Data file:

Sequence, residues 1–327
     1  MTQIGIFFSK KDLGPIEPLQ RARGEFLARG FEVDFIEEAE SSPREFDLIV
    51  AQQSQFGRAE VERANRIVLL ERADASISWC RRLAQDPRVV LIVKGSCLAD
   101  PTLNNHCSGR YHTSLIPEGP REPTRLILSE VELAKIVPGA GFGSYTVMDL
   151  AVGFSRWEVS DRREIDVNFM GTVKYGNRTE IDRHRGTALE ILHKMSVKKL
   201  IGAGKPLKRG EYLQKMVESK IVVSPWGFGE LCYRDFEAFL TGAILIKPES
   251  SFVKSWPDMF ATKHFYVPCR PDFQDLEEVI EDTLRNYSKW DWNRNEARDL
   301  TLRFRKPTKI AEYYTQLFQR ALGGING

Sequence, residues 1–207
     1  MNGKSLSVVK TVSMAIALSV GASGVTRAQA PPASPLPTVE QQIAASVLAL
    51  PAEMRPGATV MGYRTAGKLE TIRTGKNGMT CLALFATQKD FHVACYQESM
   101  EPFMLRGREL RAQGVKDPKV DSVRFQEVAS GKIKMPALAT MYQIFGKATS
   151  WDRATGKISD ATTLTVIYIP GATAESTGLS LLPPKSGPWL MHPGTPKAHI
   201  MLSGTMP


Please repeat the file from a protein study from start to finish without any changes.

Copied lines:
Sequence, residues 1–327
     1  MTQIGIFFSK KDLGPIEPLQ RARGEFLARG FEVDFIEEAE SSPREFDLIV
    51  AQQSQFGRAE VERANRIVLL ERADASISWC RRLAQDPRVV LIVKGSCLAD
   101  PTLNNHCSGR YHTSLIPEGP REPTRLILSE VELAKIVPGA GFGSYTVMDL
   151  AVGFSRWEVS DRREIDVNFM GTVKYGNRTE IDRHRGTALE ILHKMSVKKL
   201  IGAGKPLKRG EYLQKMVESK IVVSPWGFGE LCYRDFEAFL TGAILIKPES
   251  SFVKSWPDMF ATKHFYVPCR PDFQDLEEVI EDTLRNYSKW DWNRNEARDL
   301  TLRFRKPTKI AEYYTQLFQR ALGGING

Sequence, residues 1–207
     1  MNGKSLSVVK TVSMAIALSV GASGVTRAQA PPASPLPTVE QQIAASVLAL
    51  PAEMRPGATV MGYRTAGKLE TIRTGKNGMT CLALFATQKD FHVACYQESM
   101  EPFMLRGREL RAQGVKDPKV DSVRFQEVAS GKIKMPALAT MYQIFGKATS
   151  WDRATGKISD ATTLTVIYIP GATAESTGLS LLPPKSGPWL MHPGTPKAHI
   201  MLSGTMP